Criterion's extras are a fine introduction to the creative, independent Wim Wenders. The director's commentary emphasizes the importance of personal relationships and artistic freedom to his filming style and provides an anecdotal account of the production's wanderings across four states and a thousand miles.

Interviews include Roger Willemsen's talk with the director from 2001 (in German) and new input from Wenders' associates Allison Anders and Claire Denis. Ry Cooder works with Wenders in a 1984 piece from French television. A long-form (but reportedly cut-down) 1990 career docu on Wenders features input from a gallery of collaborators, including Harry Dean Stanton, Dennis Hopper, Hanns Zischler, Patricia Highsmith and Sam Fuller.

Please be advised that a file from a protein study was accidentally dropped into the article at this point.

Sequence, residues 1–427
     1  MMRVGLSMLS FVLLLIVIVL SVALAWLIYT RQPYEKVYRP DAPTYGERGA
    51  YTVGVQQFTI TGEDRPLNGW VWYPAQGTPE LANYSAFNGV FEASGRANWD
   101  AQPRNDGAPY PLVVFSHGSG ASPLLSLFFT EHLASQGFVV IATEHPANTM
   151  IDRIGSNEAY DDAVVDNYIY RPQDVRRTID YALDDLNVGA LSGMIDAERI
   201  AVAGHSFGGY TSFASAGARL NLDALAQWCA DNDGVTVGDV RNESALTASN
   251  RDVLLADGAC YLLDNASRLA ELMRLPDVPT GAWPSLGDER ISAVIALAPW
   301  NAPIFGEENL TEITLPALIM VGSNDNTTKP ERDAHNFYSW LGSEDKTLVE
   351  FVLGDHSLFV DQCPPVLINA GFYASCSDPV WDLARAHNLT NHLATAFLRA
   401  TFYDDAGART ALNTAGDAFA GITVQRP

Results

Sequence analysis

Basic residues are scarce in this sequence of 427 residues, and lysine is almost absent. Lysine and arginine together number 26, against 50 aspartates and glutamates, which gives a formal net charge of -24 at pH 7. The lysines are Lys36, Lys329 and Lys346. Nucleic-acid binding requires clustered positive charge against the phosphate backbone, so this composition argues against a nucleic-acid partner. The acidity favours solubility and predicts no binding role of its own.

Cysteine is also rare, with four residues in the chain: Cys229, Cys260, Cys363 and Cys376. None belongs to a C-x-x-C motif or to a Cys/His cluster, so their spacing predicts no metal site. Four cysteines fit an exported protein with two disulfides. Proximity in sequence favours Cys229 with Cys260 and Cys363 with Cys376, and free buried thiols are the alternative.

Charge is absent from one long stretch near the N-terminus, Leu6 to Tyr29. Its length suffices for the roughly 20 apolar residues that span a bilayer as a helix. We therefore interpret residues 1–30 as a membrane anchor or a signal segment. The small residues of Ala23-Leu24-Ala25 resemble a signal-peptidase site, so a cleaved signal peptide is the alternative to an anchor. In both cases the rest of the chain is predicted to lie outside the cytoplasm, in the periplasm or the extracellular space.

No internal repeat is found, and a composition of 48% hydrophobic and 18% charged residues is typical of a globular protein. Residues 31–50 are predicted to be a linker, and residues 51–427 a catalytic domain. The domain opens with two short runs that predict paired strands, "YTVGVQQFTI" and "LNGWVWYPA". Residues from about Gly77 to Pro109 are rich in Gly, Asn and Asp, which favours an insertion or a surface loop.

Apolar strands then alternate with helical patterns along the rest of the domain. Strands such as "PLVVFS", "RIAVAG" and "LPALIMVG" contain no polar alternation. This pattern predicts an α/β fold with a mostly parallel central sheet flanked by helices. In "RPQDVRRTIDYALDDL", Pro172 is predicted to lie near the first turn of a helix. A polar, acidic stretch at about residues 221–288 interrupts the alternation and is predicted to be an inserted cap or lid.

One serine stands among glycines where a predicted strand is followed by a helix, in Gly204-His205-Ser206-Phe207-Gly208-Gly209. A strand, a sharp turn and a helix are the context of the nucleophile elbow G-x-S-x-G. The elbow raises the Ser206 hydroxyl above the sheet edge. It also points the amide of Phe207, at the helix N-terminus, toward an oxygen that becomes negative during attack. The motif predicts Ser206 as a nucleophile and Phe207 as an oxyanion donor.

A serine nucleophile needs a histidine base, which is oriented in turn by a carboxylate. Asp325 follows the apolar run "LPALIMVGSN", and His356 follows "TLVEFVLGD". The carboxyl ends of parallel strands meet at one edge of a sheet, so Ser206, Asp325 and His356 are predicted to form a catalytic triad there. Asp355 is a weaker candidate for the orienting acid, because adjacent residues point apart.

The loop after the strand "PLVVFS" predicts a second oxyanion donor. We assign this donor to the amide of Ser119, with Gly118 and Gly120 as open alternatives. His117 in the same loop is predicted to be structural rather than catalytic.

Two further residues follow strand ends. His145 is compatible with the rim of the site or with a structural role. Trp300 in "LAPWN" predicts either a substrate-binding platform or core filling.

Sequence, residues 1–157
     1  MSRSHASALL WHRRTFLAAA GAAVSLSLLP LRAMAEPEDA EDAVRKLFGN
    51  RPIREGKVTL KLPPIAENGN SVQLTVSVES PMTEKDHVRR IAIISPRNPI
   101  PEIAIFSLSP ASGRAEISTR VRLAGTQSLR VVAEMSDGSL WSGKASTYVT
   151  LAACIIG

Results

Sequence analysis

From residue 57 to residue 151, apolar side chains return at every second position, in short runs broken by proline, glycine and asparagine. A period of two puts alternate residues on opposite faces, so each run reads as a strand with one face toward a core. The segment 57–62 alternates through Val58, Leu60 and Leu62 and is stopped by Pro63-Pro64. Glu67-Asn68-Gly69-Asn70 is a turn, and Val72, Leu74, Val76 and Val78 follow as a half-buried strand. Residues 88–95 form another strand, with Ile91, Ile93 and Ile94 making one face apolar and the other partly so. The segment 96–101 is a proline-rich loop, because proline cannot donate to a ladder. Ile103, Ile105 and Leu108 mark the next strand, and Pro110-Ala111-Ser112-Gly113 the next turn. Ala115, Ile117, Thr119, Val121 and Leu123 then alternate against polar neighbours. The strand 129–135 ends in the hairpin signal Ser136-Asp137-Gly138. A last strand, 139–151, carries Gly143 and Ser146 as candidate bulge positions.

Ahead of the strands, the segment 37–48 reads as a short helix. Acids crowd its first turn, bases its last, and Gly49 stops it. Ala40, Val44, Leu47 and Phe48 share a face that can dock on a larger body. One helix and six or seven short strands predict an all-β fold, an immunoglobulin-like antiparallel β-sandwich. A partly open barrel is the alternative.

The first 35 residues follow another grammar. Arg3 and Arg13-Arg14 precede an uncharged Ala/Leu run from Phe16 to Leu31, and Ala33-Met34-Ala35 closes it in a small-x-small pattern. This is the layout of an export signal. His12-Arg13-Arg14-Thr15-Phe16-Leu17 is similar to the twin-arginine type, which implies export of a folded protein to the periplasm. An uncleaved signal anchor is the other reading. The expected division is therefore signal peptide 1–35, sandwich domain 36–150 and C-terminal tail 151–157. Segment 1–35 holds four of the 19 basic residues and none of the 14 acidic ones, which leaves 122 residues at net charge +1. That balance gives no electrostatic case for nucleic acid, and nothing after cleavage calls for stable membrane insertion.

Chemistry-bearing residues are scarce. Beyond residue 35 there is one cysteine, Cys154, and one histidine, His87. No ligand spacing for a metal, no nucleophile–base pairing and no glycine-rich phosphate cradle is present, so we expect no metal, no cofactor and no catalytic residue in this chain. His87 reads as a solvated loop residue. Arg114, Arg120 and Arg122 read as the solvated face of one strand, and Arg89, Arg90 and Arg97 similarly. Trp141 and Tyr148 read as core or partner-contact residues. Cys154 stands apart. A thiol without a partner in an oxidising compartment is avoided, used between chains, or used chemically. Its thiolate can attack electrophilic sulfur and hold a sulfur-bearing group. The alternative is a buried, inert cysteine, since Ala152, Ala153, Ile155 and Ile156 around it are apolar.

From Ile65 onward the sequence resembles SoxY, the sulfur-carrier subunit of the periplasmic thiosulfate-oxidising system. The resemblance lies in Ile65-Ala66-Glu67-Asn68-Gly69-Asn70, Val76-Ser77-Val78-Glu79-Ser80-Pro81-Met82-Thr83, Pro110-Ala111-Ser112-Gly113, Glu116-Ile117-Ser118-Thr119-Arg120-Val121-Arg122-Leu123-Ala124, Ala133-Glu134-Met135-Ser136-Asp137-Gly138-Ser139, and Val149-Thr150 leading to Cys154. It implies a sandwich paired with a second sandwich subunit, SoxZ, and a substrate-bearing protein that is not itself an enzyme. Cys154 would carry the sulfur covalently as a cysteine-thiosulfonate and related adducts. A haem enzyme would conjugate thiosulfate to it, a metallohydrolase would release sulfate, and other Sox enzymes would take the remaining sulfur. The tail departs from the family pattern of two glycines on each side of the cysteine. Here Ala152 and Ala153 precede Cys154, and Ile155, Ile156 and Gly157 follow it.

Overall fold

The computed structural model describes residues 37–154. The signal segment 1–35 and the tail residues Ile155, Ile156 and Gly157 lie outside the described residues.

Other items include a compilation of deleted scenes and Wenders' location scouting photos; unit photographer Robin Holland's cast and crew photos, and a theatrical trailer. A thick insert booklet has input from essayist Nick Roddick and interviews with Stanton, Shepard, Kinski and Stockwell, as well as excerpts from a Wenders photo book. Criterion's disc producer is Susan Arosteguy.

For more information about Paris, Texas, visit The Criterion Collection. To order Paris, Texas, go to TCM Shopping.

by Glenn Erickson

Paris, Texas - Wim Wenders' PARIS, TEXAS on DVD